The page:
Here’s how the try and spin it: “Jack Wells arrives in Egypt in search of a famed diamond, The Codex Stone. His journey leads him to a team of archaeologists who are exploring the recently discovered tomb of the cursed King Neferu. With his centuries-old slumber disturbed by timeless human greed, the King rises from the dead with a bloodlust that cannot be staunched and a raging fury that will shred flesh from bone, bringing terrible, tormented death to all who dare witness the Day of the Mummy.”

Day of the Mummy

Why are all Egyptian kings cursed? What is it about that job that forces you to sleep in dirt for centuries until some get-rich-quick types dig you up and compromise your amenities? I bet the Help Wanted classified ad doesn’t mention anything about that in the job description.

In case you needed another excuse to avoid Day of the Mummy (releasing Oct. 20, 2014 in the UK and December 9 in the States), it was shot POV style; That technique only works effectively in porn.

Evil Reunion

Posted in Classic Horror, Evil with tags , , , , , , , , , , , , , , , , , , on May 29, 2014 by Drinkin' & Drive-in

Exorcist: The Beginning

Exorcist: The Beginning (2004) is the backstory about Father Merrin, the priest who drove the Hell out of Linda Blair in The Exorcist (1973).

Exorcist: The Beginning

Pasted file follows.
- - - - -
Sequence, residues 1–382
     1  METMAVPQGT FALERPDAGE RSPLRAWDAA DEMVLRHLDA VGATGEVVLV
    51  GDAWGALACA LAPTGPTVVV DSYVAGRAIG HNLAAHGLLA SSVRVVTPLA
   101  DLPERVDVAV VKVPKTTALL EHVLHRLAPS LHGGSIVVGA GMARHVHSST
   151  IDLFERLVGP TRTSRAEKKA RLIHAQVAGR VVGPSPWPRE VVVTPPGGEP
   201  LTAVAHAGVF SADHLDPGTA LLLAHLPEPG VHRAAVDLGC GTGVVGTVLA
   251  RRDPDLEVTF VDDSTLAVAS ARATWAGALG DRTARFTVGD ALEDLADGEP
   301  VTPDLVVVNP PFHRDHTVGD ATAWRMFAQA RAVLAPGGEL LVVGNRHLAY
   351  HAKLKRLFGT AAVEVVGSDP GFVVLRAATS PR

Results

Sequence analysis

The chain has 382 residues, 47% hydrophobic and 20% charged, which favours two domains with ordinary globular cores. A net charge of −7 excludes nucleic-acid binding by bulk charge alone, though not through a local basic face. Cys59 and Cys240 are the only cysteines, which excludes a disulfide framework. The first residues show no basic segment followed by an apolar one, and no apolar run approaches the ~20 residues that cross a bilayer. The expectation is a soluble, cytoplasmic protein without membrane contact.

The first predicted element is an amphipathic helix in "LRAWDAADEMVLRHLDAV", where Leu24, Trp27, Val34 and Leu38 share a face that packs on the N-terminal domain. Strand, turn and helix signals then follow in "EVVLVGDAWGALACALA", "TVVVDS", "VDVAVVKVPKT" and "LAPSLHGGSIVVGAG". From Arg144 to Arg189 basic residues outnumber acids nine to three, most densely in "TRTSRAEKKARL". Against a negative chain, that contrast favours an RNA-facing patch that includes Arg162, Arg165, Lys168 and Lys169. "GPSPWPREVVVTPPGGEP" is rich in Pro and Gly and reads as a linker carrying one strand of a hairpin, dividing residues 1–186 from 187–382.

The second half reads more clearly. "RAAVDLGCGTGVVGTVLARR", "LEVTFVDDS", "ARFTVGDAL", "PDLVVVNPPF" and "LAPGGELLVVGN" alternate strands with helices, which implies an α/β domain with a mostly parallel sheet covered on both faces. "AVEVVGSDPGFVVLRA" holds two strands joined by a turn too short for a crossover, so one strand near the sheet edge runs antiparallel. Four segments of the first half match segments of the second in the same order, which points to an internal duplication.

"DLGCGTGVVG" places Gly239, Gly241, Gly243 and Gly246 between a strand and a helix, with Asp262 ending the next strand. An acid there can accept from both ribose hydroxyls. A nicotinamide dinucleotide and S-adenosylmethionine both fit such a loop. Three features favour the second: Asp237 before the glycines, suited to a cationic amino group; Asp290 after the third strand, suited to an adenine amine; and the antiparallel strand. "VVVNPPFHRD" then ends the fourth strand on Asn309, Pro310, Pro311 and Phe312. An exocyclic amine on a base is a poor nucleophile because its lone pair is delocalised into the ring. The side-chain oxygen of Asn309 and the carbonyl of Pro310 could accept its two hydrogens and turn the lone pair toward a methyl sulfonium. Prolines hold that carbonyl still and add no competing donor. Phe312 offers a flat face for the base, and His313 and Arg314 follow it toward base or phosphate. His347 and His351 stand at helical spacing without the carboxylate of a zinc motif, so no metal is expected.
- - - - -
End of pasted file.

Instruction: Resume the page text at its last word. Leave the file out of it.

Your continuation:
Turns out Merrin is an old buddy of the demon Pazuzu, whom he first encountered in East Africa and then again in Holland during WWII. Even Pazuzu’s stink breath was no match for the war atrocities Merrin witnessed. So the priest/archaeologist heads to Egypt where he thinks he’ll knock back a few cold ones, pet a camel or two, hang out and leave a pyramid in every bathroom.

Exorcist: The Beginning

But the call comes in to return to Africa, this time to scope out an ancient church that was just discovered buried under dirt. (People in that part of the world know nothing about vacuum cleaners. Heathens, I tell you.)

Exorcist: The Beginning

Merrin arrives in Kenya and upon entering the Centuries-old church, notices the place is in pretty good shape despite being buried under elephant crap that long. What the hoohaw, thinks Merrin; this can’t be a church as it was built several millennia before Christianity plagued the world.

Exorcist: The Beginning

But I didn’t come here for a history lesson. I’m here to see evil stuff, which includes babies being born with maggots on ’em, a little boy being torn apart and eaten alive by wild hyenas, another little boy’s head turning all the way around without that snap, crackle and pop sound…

Exorcist: The Beginning

All this leads up to Merrin having a reunion with his ’ol BFF Pazuzu, who looks like a white-faced, stupid Goth wussy. While the demon stuff is icky, it serves no purpose other than to gross you out. I’m OK with gross out, though there’s no impending sense of religious dread causing an immediate need to wash your naughty parts in holy water.

Exorcist: The Beginning

If Pazuzu wants to get back to being truly evil, he needs to quit listening to weenie-ass Goth and start banging his horned head to some righteous heavy metal. And to quit making prequels/pointless sequels.